Part One: Dial "B" for Birther
He said his name was The Donald. I should have known the foof spelled trouble when he walked into my office and started blathering about the President’s birth certificate.
I stubbed out my Lucky Strike and glanced up at him, taking in the $12,000 Armani suit, the perfectly bronzed-yet-bloated face, lapis lazuli eyes as blue-as-the-Blue Lagoon. I half expected Brooke Shields to go swimming across them, one to the other, with Christopher Atkins in hot pursuit. And of course that brass-blond thing on top of his skull he called his hair, all combed forward in a crazy swoop, held in place with enough hairspray to blow a hole in ten ozones. It reminded me of cotton candy. Or maybe a dead marmot.
“That thing on your head,” I said, splashing a shot of bourbon into a Styrofoam cup. “Has it had its shots?”
He didn’t like that. The half-crazed, half-stupid look in his eye caught fire and he leaned back in his chair. “You’re fired,” he said, lifting his chin defiantly.
I raised the Styrofoam cup to my lips. “You can’t fire me. You haven’t hired me yet.”
He pursed his lips, eyeing me across the desk like a proctologist studying a polyp. “That’s true,” he said. “You’re a smart guy. I need a smart guy like you, Stain. That is your name, isn’t it? Samuel Stain, Private Eye?”
“That’s what it says on the door,” I said, nodding at the flaking sign on the frosted glass window, right above the bullet hole. Souvenir from an old client. I really should have got that fixed.
He pulled an airline ticket out of his pocket and dropped it on my desk. “How’d you like to spend a week in Hawaii, all expenses paid? Plus your fee, of course.”
The bourbon came shooting out of my mouth like Old Faithful and splashed down on his expensive silk shirt. It had been yellow when he sat down. Now there was a dark brown stain spreading across the front, with little flecks of green. That would be the relish from the hot dog I’d had for lunch. Oops.
“The dry cleaning comes out of your bill,” he said.
“Tell me what I need to know, Mr. Trump.” I refilled the Styrofoam cup, lit another Lucky Strike, put my feet on my desk and listened.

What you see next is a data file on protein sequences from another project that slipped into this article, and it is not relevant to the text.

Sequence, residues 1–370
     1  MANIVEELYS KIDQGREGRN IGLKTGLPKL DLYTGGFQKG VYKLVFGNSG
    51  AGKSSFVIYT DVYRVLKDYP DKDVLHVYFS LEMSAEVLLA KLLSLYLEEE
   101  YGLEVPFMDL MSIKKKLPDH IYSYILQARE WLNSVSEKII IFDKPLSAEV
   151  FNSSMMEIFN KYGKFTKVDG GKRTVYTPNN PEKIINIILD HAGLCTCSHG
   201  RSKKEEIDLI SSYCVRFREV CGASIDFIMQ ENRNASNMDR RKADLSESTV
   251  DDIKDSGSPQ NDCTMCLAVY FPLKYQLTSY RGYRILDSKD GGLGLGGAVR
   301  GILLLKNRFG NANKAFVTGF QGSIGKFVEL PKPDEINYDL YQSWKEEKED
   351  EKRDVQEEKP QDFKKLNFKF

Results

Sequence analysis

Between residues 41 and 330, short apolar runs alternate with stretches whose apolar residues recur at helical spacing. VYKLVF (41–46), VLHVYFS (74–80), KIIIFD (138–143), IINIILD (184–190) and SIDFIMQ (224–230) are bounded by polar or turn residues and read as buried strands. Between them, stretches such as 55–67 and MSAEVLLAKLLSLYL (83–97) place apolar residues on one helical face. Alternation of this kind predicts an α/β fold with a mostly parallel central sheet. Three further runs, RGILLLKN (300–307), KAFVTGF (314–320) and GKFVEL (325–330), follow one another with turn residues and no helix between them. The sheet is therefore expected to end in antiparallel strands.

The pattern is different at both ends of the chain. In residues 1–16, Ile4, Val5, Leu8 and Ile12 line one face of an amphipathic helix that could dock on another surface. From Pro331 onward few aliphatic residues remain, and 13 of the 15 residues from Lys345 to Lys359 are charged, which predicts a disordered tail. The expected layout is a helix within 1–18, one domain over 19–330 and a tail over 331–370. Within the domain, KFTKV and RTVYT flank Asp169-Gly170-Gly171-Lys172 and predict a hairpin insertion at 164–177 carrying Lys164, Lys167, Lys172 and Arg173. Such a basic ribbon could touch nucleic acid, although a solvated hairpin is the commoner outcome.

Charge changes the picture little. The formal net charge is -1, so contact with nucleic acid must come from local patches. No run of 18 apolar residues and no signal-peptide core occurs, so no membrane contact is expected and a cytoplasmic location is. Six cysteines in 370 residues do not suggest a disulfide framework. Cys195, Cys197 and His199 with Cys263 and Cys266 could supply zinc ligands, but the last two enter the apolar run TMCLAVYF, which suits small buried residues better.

Turned out he’d been peddling his story for the past few weeks on every talk show in the country. The one about the President not being born in this country. Nobody believed it, except for the wing-nuts. I shouldn’t have either. But when someone waves an all-expenses paid trip to paradise in your face, you don’t say no. Not to The Donald, anyway. Maybe that’s why I didn’t throw the foof out of my office. Or maybe it was the picture I had in my head. The one of a pale, tired sap, broke and going nowhere, lying on a sun-splashed Waikiki beach next to a gorgeous bottle blonde. She was wearing a little green bikini with pink polka dots on it, like in the song, only hers held a pair of gun turrets the size of the ones on those sunken battleships at the bottom of Pearl Harbor. I kept listening.
He was after the President’s birth certificate. The original. He’d sent two tough guys from Jersey out to the islands to get it. That was a month ago. At first they’d reported back regular by phone. Twice a day, like clockwork. We’re making progress, they’d said. You won’t believe the stuff we’re finding out here, they’d said. It’ll blow the doors off this whole story. They said. Then suddenly, three days ago, the phone calls stopped. He tried calling them. No luck. So he called the hotel where he’d put them up. The Trump International, of course.
“It’s a beautiful 38-story property, located just steps away from Waikiki’s famous white sand beaches.” He sounded like a bad infomercial. “With gorgeous views of the Pacific, Diamond Head, the Honolulu skyline, and the magnificent Ko’olau Mountains. It’s opulent. You can’t beat it, Stain.”
I stared at him, at the soft, almost imperceptible tan-lines around his eyes, those lapis lazuli eyes that pulled me in, like the sparkling cerulean waters of the Pacific.
I took a long drag off the Lucky Strike and blew smoke rings at him across the desk. “Opulent,” I said. “Huh. So did you find out what happened to the Jersey boys or what?”
He shook his head, but his hair didn’t move. “No, Stain. I didn’t. The girl I spoke with at the hotel, delightful girl, Phyllis, I think her name was, said they’d checked out. No idea where they went. I’ve checked up with their associates in Jersey. Nobody’s heard a thing from them. They've disappeared, Stain.”
“And you want me to go find them,” I said.
“That’s right,” said The Donald. “Find out what happened. What they found out about Obama. I want to know it all, Stain. Everything. And if you do find them, tell them, for me, they’re fired.”
I looked down at the airline ticket on my desk. I hadn’t had a vacation since I was ten. My old man took me to Coney Island for the afternoon. I ate three elephant’s ears and threw up on the Tilt o’ Whirl. Some vacation. I grabbed the ticket.
On his way out, Trump stopped at the door and spoke at me over his shoulder. “One more thing, Stain. I don’t just want the birth certificate now. I need more proof.”
My eyes widened. “More proof than a birth certificate? Like what?”
He turned toward me, the blue-as-the-Blue Lagoon eyes gazing down from his oh-so perfectly tanned face. “I want the placenta,” he said. Then he went out, closing the door behind him. His shadow paused on the other side as he turned toward the frosted glass. I saw his lips move through the bullet hole in the window. They said, “Get me the President’s placenta, Stain, or you’re fired.”
TO BE CONTINUED